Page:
This was also the year oil prices started to dip. Unlike 2010 when earnings from crude oil sales were enough to fund the country’s foreign exchange needs and election spendings, foreign exchange earnings in 2014 weren’t as buoyant and there weren’t enough foreign exchange savings to fall back on.
Oil prices fell below $100, falling by 49%, the country’s foreign exchange reserve stood at $34billion at the end of the year. Oil production per day dropped to 2.25million barrels, while the stock market lost 16% as foreign investors vacated the market.
In September 2013, the Central Bank of Nigeria (CBN) then headed by Sanusi Lamido, announced that it suspected early political campaigning was spurring increasing foreign exchange demand. In a direct quote, the CBN governor said “We have seen evidence of huge demand for dollars by bureau de changes, huge purchases of cash that are not accounted for. It is a small class of people that has access to huge rents.” Sanusi Lamido was suspended from office in February 2014 after he revealed $20bn wasn’t remitted by the Nigerian National Petroleum Corporation (NNPC) for over 18months.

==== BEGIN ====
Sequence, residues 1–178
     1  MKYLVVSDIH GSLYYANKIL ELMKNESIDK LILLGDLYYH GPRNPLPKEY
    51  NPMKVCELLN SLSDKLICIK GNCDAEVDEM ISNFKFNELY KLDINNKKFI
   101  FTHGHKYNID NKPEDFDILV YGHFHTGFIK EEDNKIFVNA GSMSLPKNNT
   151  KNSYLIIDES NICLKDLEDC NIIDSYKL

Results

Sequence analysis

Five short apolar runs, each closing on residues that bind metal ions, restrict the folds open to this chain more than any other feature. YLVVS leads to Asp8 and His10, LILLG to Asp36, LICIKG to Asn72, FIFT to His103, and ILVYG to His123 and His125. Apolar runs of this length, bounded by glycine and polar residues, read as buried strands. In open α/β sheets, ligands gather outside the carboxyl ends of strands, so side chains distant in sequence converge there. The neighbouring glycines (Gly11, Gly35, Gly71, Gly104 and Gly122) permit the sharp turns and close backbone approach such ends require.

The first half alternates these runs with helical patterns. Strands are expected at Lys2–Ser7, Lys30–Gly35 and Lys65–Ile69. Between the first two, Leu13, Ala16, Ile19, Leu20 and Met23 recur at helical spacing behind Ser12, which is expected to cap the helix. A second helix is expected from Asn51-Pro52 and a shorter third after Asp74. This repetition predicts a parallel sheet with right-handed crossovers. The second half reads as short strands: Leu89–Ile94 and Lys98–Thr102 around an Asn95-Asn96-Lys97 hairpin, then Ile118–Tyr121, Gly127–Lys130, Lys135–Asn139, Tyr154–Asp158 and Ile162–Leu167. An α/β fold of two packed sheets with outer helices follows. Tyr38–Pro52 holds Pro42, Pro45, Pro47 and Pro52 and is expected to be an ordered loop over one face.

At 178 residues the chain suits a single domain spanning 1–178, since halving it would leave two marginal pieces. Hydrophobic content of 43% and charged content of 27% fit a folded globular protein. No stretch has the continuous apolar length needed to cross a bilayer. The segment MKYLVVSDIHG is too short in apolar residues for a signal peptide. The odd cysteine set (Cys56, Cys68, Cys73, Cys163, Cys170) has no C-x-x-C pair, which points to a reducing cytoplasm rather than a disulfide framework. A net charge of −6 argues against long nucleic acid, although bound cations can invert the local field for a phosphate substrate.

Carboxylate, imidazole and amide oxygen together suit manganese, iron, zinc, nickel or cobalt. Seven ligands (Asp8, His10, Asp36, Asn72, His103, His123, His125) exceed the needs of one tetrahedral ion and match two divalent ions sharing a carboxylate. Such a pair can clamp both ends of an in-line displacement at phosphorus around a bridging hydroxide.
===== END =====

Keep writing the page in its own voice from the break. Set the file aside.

At the beginning of 2014, the Naira was exchanging for N164/$, by the end of the year, it was at N184/$.
The Naira stated 2015 at N190/$. With oil prices below $50 and the date of the general election set for the end of March 2015, the decline of Nigeria’s foreign exchange reserve continued into Q1 2015. In a bid to retain the power of incumbency, the government spared no expense in election campaigning and so the country’s foreign exchange reserve fell to $29.3bn in March 2015. Inflation jumped to 15% in 2015 from 8% in 2014 and the stock exchange remained negative, losing 17% in 2015.
By 2016, the Nigerian economy was in a recession.
2018 was another year of economic recovery for the Nigerian economy after 5 consecutive quarters of a recession. Oil prices started an upward trajectory in 2017, the CBN was able to turn around the economic woes that came with low foreign earnings from oil by maintaining liquidity in the foreign exchange market. The CBN created the Investor’s and Exporter’s window (I & E window). With this, the exchange rate remained stable at N360/$ from 2017 to 2019.